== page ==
On Golden Pond (1981)

On Golden Pond (1981)

“You know, Norman, you really are the sweetest man in the world — but I’m the only one who knows it!”

While vacationing at their summer home on Golden Pond, an elderly couple — friendly Ethel (Katharine Hepburn) and crotchety Norman (Henry Fonda), who has a troubled relationship with his grown daughter (Jane Fonda) — agree to care for the sullen teenage son (Doug McKeon) of Fonda’s fiance (Dabney Coleman).

Genres, Themes, Actors, and Directors:

  • Elderly People
  • Father and Child
  • Grown Children
  • Henry Fonda Films
  • Jane Fonda Films
  • Katharine Hepburn Films
  • Play Adaptation

Response to Peary’s Review:
Peary correctly notes that the Oscar-winning script for this “surprise moneymaker” — which earned 80-year-old Henry Fonda his first Oscar, and Hepburn her fourth — is “shameless schmaltz where every line is shrewdly calculated to tug at the heart string”; yet he argues that it’s nonetheless “hard not to be taken with” it. He notes that while “we’ve seen the same problematic relationships — cranky old man and lonely young boy, cold old man and his unloved adult child — in other films (and TV movies), … they’re rooted in real life and are hard not to respond to.” He further points out that the film “has special meaning to viewers” given that “Henry Fonda and Jane Fonda had an estranged relationship for many years, until reconciliation late in his life” — just as happens to their characters in the film. Meanwhile, it’s gorgeously shot (on location in New Hampshire) by D.P. Billy Williams, and consistently beautiful to look at.

Unfortunately, however, I can’t profess to sharing Peary’s guilty fondness for this enormously popular film (the top-grossing movie of 1981), which I find not only calculated and derivative but poorly structured. The emotional pay-off we’re waiting for is clearly the reconciliation between Henry and Jane, yet Jane’s underdeveloped character is hardly onscreen, and the bulk of the film focuses instead on Henry’s mentoring of McKeon. In sum, narrative priorities are confused: if this was meant to be a film about an emotionally troubled young teen coming of age in a gorgeous setting under the guidance of a curmudgeonly yet caring grandfather-figure, then McKeon’s character needed to be written with much more depth and insight.

Despite these serious complaints, however, the lead performances in OGP are certainly a joy to watch, and Hepburn and Fonda Sr. do indeed “rise above their roles”. As Peary writes, Fonda Sr. in particular is “wonderful in this role because he seems to really understand all his character’s strengths, quirks, self-doubts (especially in regard to aging), weaknesses, and flaws — particularly as a father”. Film fanatics will likely want to check out this film once simply to see him in his swan song (and to see Hepburn’s “energetic performance” as well).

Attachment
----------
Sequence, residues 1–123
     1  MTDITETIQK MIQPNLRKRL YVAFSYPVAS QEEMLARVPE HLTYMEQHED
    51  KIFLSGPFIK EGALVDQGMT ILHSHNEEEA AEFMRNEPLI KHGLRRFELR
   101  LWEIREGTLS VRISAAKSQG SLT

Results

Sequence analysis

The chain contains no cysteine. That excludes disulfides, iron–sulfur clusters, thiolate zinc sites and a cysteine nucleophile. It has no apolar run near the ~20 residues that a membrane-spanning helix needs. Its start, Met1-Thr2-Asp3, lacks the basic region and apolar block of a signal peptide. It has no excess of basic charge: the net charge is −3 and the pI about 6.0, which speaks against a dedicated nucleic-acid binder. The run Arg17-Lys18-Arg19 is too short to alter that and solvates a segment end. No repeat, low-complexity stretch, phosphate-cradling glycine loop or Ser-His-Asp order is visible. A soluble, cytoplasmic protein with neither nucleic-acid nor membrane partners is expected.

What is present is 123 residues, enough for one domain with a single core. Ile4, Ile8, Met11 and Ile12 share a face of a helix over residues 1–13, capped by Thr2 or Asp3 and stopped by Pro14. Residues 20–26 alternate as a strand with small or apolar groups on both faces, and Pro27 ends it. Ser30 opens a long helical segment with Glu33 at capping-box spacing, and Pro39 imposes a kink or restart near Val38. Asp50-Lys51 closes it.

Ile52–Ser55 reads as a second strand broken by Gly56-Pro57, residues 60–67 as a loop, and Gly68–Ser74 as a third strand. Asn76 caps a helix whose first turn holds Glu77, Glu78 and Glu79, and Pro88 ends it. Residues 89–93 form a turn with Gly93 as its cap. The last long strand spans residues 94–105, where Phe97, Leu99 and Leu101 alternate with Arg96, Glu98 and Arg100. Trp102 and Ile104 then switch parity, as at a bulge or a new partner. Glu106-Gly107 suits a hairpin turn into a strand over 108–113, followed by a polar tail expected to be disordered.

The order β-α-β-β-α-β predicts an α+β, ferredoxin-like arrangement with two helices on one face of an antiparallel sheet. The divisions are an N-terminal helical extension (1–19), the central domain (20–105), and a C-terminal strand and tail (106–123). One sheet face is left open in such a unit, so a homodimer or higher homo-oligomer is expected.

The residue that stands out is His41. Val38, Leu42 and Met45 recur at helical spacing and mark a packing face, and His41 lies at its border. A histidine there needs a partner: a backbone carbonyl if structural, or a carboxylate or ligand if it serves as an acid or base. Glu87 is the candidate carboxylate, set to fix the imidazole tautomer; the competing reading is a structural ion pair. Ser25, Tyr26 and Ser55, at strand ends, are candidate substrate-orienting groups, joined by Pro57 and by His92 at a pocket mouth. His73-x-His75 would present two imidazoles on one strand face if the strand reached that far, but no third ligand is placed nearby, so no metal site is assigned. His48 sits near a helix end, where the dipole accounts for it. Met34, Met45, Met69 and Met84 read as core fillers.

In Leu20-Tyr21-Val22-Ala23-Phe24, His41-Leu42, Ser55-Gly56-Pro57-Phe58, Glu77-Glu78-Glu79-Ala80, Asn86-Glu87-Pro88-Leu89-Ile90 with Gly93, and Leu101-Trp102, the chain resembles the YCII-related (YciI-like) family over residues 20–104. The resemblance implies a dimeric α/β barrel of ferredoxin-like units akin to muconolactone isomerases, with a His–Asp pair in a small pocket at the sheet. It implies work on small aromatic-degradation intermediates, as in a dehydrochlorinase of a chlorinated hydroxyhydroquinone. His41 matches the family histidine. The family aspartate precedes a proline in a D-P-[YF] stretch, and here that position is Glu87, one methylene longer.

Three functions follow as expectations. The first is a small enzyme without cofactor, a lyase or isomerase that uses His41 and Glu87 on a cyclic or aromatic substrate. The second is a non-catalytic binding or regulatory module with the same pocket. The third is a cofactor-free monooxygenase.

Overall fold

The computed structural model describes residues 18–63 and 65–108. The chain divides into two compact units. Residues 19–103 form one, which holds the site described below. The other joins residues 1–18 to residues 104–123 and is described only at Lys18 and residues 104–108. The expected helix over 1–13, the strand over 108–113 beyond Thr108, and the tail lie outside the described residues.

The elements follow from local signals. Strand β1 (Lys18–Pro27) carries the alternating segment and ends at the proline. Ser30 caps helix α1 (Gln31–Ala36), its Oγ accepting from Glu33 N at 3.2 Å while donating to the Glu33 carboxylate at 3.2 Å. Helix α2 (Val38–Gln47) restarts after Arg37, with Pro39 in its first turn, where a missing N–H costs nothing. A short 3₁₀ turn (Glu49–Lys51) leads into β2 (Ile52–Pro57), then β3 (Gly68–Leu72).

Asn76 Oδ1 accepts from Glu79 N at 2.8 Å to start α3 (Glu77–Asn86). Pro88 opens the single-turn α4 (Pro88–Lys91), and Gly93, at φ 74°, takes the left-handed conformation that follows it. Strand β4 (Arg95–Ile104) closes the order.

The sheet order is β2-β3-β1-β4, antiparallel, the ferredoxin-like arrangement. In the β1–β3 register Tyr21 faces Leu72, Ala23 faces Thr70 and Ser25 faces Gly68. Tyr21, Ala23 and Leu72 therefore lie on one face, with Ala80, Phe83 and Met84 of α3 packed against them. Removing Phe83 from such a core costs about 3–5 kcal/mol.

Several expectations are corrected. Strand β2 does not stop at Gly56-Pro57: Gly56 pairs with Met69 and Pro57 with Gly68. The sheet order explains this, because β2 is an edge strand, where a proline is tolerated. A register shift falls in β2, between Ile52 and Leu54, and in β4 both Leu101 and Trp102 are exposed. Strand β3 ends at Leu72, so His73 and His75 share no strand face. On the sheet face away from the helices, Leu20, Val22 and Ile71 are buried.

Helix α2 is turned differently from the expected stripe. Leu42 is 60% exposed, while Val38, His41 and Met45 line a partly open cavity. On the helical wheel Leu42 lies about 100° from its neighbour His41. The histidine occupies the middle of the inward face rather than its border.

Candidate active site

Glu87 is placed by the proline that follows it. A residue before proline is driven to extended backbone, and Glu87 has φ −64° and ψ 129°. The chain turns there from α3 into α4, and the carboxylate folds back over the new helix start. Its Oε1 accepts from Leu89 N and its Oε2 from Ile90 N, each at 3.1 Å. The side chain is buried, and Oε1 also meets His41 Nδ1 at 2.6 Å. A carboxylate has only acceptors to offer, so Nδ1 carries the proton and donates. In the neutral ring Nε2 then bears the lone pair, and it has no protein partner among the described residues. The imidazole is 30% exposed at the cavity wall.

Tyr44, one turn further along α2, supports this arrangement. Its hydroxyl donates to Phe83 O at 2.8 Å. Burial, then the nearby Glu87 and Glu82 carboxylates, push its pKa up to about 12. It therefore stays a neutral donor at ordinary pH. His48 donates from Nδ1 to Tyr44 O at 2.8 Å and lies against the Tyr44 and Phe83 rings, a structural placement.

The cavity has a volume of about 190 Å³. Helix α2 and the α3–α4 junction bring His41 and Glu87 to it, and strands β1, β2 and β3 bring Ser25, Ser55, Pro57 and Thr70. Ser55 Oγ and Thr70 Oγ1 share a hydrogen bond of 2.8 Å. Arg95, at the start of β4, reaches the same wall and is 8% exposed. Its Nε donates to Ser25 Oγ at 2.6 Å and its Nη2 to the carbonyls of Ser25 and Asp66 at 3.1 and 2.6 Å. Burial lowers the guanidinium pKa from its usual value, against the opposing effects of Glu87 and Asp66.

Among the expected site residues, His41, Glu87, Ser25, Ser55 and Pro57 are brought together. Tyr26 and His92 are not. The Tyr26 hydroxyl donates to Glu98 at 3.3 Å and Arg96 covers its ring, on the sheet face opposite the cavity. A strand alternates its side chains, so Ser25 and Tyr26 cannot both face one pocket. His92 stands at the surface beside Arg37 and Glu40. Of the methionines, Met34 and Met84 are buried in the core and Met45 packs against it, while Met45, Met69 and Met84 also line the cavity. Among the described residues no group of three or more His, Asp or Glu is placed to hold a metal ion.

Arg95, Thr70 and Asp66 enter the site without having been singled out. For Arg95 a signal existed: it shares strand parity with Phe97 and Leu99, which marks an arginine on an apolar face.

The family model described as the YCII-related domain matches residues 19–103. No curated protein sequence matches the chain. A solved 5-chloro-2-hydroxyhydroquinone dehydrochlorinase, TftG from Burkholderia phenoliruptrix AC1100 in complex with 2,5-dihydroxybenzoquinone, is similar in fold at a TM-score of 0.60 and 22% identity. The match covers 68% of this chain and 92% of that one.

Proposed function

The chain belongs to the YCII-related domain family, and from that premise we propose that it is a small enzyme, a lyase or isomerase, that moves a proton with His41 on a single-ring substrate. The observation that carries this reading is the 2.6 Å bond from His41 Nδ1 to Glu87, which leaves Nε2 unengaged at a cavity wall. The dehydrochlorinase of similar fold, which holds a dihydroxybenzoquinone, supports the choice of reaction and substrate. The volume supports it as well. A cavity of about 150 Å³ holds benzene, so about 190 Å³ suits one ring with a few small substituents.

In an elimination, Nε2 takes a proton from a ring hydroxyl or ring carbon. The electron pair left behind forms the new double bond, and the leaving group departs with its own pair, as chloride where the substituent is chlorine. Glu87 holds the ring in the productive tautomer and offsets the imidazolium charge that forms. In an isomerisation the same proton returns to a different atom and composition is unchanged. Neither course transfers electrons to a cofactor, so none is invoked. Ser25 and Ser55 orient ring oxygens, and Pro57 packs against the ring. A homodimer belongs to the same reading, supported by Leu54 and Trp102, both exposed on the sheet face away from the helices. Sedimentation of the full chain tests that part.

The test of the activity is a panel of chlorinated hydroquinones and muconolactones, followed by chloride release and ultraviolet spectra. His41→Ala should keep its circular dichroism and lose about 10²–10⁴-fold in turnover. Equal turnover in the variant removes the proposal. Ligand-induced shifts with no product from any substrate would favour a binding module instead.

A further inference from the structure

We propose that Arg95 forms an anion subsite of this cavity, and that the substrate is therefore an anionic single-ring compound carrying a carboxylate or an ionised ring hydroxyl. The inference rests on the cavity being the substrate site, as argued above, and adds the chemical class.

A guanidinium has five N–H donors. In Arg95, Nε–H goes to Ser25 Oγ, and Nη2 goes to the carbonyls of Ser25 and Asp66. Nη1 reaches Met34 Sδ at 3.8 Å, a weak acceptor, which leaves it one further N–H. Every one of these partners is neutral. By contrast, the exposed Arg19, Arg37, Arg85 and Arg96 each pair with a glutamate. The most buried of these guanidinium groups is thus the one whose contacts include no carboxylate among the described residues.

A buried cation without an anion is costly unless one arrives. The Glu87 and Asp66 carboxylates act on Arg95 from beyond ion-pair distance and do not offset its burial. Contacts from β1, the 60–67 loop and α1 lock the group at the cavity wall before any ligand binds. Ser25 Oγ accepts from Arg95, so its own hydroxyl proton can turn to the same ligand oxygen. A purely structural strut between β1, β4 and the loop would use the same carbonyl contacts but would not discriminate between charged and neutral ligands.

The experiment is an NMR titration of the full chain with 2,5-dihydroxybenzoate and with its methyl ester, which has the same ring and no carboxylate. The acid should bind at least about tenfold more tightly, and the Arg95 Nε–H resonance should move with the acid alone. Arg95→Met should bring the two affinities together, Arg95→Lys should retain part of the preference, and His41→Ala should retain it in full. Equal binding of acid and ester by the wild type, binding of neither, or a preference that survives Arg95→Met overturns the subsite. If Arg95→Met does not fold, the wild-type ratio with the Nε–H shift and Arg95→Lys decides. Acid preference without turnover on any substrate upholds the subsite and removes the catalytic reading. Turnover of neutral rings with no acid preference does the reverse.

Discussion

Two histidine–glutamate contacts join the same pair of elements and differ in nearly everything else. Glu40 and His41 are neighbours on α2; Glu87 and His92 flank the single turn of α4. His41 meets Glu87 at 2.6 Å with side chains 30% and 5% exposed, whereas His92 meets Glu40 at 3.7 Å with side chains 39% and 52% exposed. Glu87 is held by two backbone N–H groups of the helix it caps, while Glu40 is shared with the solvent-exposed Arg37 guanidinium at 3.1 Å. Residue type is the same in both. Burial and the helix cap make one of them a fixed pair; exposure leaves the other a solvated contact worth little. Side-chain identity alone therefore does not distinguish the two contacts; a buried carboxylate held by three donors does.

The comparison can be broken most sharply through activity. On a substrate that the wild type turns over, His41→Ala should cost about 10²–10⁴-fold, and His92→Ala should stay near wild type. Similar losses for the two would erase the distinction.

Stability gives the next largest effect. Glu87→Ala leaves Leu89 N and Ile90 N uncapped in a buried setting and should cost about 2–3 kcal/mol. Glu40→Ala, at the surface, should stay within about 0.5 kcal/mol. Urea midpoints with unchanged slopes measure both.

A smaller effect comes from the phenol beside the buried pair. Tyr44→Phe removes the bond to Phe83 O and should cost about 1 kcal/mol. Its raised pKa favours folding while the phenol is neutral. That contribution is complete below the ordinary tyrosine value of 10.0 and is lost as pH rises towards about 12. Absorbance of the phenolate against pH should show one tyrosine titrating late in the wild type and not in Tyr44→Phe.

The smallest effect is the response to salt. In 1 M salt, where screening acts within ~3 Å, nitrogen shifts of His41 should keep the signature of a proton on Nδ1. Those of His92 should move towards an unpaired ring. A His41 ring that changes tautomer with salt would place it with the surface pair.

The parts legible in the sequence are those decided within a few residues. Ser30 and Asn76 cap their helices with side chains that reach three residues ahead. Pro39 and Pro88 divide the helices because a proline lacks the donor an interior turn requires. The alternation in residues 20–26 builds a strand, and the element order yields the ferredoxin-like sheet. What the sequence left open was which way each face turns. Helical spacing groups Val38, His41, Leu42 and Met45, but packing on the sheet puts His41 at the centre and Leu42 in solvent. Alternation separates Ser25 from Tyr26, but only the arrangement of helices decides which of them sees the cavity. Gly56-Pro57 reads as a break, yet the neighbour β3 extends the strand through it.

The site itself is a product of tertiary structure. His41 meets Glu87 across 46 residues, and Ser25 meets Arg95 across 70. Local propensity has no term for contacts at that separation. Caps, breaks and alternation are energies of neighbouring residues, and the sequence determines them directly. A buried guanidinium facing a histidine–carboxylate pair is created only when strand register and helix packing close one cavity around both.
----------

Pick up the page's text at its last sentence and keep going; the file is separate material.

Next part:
Redeeming Qualities and Moments:

  • Henry Fonda as Norman Thayer
  • Katharine Hepburn as Ethel Thayer
  • Gorgeous cinematography by Billy Williams

Must See?
Yes, once, simply for the powerful lead performances.


  • Noteworthy Performance(s)
  • Oscar Winner or Nominee


One thought on “On Golden Pond (1981)

  1. A somewhat-reluctant ‘must-see’ vote, for the performances.

    I’m rather in agreement on this. In a sense, it’s easy to like the film because many of us like the idea of watching Henry Fonda and Hepburn ‘grow old together’ in the story and there is some genuine pleasure to be had seeing them as a team.

    But it’s true that the script is nevertheless lacking and it would be nice if there was a little more to it than what we get. On this rewatch, I found myself a bit antsy.

    One thing stuck out as particularly troublesome; Hepburn remarks to her husband that he has been talking about death as long as he has known her. Really?! God, what a burden that must have been over the years! Except not – we’re to believe – since (as the quote used here says) we’re also told Norman is “the sweetest man in the world”…something we see almost no evidence of, even when it’s just the two of them in a scene.

    I have various other issues with this film – involving ineffective communication, etc. – but suffice it to say I wish the film were more compelling than it actually is. It’s certainly gussied-up with a lot of gorgeous cinematography and the location chosen is serene. But I find it all a bit superficial and unsatisfying.

Leave a Reply